The question remains, however, why do not people taking large doses of ascorbate develop kidney stones. I had in 1985 hypothesized that one of the reasons that we did not develop kidney stones was that the ascorbate excreted in the urine sterilizes the urine and “should prevent many of the niduses of infection around which oxalate stones frequently form.” (Cathcart, RF. Vitamin C: the Nontoxic, Nonrate-Limited, Antioxidant Free Radical Scavenger. Medical Hypotheses. 18: 61-77, 1985.)

In an article in ScienceNewsOnline, August 1, 1998, the Bacteria in the Stone it is said that Extra-tiny microorganisms may lead to kidney stones and other diseases. Tiny nanobacteria, as small as the larger viruses, live in urine and, by precipitating calcium and other minerals around themselves, induce the formation of kidney stones. It seems that the large doses of ascorbate, by causing the excretion of ascorbate in the urine probably kills the nanobacteria and prevents the formation of stones.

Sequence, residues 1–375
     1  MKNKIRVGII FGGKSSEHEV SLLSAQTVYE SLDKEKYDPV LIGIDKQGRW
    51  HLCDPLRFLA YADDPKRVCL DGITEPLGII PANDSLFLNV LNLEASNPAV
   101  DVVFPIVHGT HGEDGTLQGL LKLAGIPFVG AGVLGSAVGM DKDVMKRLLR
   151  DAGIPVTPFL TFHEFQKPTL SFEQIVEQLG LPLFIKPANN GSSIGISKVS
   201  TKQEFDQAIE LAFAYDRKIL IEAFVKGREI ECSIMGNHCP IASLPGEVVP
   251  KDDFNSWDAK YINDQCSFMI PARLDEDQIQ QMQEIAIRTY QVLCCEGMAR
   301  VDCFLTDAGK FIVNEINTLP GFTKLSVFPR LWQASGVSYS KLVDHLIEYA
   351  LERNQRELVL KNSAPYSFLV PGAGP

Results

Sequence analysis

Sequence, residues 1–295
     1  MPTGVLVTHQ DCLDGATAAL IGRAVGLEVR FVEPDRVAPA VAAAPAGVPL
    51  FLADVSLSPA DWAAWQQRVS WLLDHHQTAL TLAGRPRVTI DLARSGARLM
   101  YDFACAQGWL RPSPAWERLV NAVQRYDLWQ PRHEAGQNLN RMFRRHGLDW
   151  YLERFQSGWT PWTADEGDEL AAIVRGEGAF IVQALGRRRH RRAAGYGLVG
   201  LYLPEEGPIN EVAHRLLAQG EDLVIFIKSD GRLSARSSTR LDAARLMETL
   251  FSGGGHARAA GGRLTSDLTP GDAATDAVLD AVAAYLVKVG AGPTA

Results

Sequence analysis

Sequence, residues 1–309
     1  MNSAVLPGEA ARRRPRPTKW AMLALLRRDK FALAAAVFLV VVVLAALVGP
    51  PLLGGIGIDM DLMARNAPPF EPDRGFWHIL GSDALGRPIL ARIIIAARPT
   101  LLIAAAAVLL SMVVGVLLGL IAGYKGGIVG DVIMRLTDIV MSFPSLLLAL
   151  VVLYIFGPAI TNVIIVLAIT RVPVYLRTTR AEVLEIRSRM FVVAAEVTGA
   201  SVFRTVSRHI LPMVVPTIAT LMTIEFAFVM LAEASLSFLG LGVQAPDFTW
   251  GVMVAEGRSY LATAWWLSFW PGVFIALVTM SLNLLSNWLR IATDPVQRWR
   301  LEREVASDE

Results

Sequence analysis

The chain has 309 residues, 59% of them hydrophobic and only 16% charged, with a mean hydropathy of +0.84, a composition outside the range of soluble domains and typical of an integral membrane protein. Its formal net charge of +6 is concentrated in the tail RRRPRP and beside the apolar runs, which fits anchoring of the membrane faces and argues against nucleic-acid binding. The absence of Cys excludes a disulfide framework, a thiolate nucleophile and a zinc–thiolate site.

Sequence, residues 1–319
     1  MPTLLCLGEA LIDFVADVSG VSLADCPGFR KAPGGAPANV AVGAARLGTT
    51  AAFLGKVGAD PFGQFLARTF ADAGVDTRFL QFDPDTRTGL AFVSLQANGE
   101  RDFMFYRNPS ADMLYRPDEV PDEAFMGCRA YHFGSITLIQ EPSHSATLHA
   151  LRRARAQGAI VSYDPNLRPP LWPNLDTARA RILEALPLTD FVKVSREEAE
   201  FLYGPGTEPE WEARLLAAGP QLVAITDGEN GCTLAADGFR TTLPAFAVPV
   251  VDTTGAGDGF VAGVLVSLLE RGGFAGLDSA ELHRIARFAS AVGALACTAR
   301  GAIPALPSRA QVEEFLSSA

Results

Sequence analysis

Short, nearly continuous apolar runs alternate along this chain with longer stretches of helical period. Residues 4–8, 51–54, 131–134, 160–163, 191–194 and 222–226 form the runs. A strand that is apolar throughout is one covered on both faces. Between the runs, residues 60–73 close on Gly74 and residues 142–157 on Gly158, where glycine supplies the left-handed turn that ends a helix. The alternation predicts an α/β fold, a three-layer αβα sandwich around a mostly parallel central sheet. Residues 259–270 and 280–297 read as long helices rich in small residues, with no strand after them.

In addition, the massive doses of ascorbate assist the immune system to kill bacteria within the body but have the ability to kill bacteria by some mechanism, which does not seem to involve the immune system. These bacteria and L-forms of bacteria hide out in cells especially when antibiotics are used, and explain some of the resistance acquired by bacteria against antibiotics. I have yet to see bacteria that can become resistant to massive doses of ascorbate in combination with first and second-generation antibiotics. Admittedly in a private practice, I do not see the most resistant bacteria, but this combination has been impressive and deserves to be tried against the most resistant bacteria. It may solve the impending problem of increasingly resistant bacteria.